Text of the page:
Rookie Greg Gaines aims to be Rams’ starting defensive tackle

Rams rookie Greg Gaines speaks to reporters  in Thousand Oaks.
Rams rookie Greg Gaines speaks to reporters May 14 in Thousand Oaks.
(Jayne Kamin-Oncea / Getty Images)

Eric Henderson’s face lighted up as the tackling sled the Rams’ defensive line coach was standing on jolted backward.

The padded metal barricade was no match for rookie nose tackle Greg Gaines, giving way to 312 pounds of strength.

“I see you, Greg,” Henderson shouted, a devious grin crossing his face just minutes into the first practice of training camp Friday.


“Let’s go, newbie,” a nearby fan echoed, leaning over the railing in excitement, equally inspired by the flash of freakish force.

Gaines, a fourth-round pick from the University of Washington, is still adjusting to his new domain. His eyes were wide as he walked through a human tunnel and onto the field for the first time earlier that afternoon. Following a pair of veterans, he high-fived a line of fans and humbly gazed at thousands more ringing the pair of practice fields at UC Irvine.

“In college, it felt like all of our practices were super secret,” Gaines said. “Nobody was allowed.”

That’s not the case anymore. Instead, eyeballs have followed Gaines’ every move. His position, an all-important role between defensive tackle Aaron Donald, the defending two-time NFL defensive player of the year, and defensive end Michael Brockers, a seven-year veteran, is up for grabs. The run-stopping, road-blocking rookie is in contention to win the job.

Eight months after a season-ending knee injury, wide receiver Cooper Kupp appears on track to start in the Rams’ season opener at Carolina.

July 30, 2019

Henderson said it’s still too early to be thinking about naming a starter. In scrimmage portions of camp, Gaines has been kept largely to second-team duty behind second-year pro Sebastian Joseph-Day. Tanzel Smart is also in the mix. Brockers has shifted into the nose tackle spot at times too.

Nonetheless, “it’s an incredible opportunity,” Gaines said. “Most guys, especially guys getting drafted in the fourth round, don’t have a chance to play at all, really.”


Ndamukong Suh filled the spot last year under a one-year contract and was not re-signed. His presence multiplied the star power in the defensive front but often added up to something less than a stout run defense. The Rams ranked 23rd in rushing yards allowed during the regular season, then let the New England Patriots average nearly five yards per carry in the Super Bowl. Although Suh collected 4½ sacks and 59 tackles, he sometimes seemed to cede his responsibilities up the middle.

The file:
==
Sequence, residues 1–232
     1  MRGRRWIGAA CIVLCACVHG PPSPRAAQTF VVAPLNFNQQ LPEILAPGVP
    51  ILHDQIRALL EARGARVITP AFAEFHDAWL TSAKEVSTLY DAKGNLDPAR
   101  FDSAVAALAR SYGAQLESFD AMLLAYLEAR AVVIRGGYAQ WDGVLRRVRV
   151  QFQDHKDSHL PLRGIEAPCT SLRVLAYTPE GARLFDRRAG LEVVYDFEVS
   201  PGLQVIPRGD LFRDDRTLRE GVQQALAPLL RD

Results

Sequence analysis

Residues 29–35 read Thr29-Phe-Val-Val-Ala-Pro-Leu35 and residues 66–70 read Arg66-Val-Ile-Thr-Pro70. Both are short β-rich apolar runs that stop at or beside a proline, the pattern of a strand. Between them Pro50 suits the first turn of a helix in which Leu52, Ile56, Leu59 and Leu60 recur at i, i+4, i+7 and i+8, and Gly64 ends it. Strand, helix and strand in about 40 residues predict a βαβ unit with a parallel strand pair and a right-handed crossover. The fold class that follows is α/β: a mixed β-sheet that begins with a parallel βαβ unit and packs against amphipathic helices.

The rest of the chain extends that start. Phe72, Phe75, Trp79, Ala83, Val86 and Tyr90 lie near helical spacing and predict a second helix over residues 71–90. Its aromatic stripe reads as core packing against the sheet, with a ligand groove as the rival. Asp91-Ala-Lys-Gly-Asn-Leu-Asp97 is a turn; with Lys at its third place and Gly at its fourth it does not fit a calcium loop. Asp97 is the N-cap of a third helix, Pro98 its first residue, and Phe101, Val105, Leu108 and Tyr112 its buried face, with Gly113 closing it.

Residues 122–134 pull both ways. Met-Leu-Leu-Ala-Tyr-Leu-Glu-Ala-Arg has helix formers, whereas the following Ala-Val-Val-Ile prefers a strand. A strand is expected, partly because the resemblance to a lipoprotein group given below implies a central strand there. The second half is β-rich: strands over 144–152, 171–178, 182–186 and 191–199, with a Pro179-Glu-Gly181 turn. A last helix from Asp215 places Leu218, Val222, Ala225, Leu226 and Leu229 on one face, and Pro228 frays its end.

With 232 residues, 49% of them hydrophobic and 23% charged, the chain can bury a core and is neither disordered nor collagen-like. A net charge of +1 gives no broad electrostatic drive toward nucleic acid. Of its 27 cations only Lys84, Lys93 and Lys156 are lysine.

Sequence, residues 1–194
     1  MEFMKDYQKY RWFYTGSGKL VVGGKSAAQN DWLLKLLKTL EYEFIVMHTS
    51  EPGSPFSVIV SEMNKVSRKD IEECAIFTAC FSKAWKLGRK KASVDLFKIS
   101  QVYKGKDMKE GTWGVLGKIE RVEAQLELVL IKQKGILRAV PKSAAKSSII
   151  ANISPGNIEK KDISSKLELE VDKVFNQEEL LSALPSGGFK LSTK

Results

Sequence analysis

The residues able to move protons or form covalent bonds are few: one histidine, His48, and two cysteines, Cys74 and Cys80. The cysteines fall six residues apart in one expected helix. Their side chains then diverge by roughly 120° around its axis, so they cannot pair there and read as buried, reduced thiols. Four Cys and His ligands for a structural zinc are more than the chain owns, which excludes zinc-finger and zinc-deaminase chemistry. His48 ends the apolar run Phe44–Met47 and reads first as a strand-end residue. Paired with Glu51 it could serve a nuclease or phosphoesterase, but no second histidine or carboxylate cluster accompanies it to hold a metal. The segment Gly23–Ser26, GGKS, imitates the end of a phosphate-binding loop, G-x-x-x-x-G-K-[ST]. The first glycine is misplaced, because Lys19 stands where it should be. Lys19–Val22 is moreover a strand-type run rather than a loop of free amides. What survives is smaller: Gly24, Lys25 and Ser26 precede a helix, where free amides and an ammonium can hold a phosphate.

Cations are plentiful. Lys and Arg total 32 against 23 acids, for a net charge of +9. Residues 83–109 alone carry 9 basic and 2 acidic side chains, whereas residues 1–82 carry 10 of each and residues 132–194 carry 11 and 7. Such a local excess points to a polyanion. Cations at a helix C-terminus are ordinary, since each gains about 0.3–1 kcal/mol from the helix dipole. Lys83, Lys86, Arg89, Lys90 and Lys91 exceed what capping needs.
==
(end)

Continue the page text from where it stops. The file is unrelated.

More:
In Gaines, the Rams see the potential for a new equation, hopeful his Mack Truck-like body can minimize opponentsrushing attacks.

“A big guy, playing great run [technique], pushing the pocket great. He’s definitely showing up,” Donald said. “He’s getting better and grinding. Hopefully, he can get better and better.”

Gaines isn’t a perfect prospect. He doesn’t burst into the backfield. Leading up to the draft, some scouts questioned whether he had enough raw athleticism. In the Rams’ three-man front, he’ll be “shaded” between offensive lineman pre-snap more often than in college, where his focus was on blowing up blockers rather than blowing by them.

Though he collected only 10½ sacks during his four-year career at Washington, Gaines was productive in other ways. His powerful gap-plugging at the point of attack helped the Huskies rank in the top 15 nationally in rushing defense in 2017 and 2018.

“He was a huge piece to our success” in college, said safety Taylor Rapp, the Rams’ other rookie draft pick from Washington, selected in the second round.

Defensive tackle Greg Gaines
Defensive tackle Greg Gaines runs drills during Rams’ minicamp June 11 at Cal Lutheran.
(Jayne Kamin-Oncea / Getty Images)

“His talent and his work ethic, the way he works and the way he comes in, he’s already a true pro as a rookie.”


Gaines says he has been focused on lateral movement and penetration. During a drill in practice last Friday, he tumbled coming out of a hairpin turn. Henderson wants to see Gaines find more consistency with his technique too.

But four practices into camp, Gaines has continued building a good impression.

“Pleasing to see he’s picked up where he left off in OTAs,” Henderson said. “The good thing is, he’s so intelligent, you know when you put him out there he’ll get lined up and know where to go.”

Gaines guessed he might be headed to Los Angeles long before draft night. At the NFL scouting combine, he said the Rams hinted he’d be a fit, especially with Suh on his way out; the free agent eventually signed with Tampa Bay.

For the La Habra native, the perfect match worked both ways. Gaines has family throughout the Southland, from Newport Beach to Long Beach to Torrance.

An uncle has long been a fervent Rams fan — “He was super fired up” after the draft, Gaines said — following them during the team’s original stint in L.A. and sticking with them during their 22 years in St. Louis. Family members have packed a field-side tent in Irvine, loudly screaming Gaines’ name when he takes the field.

By the time the regular season starts, Gaines is hoping to give them more chances to cheer.


“It’s really cool,” Gaines said. “Just to have that opportunity and be able to compete and have something to be out here really working for.”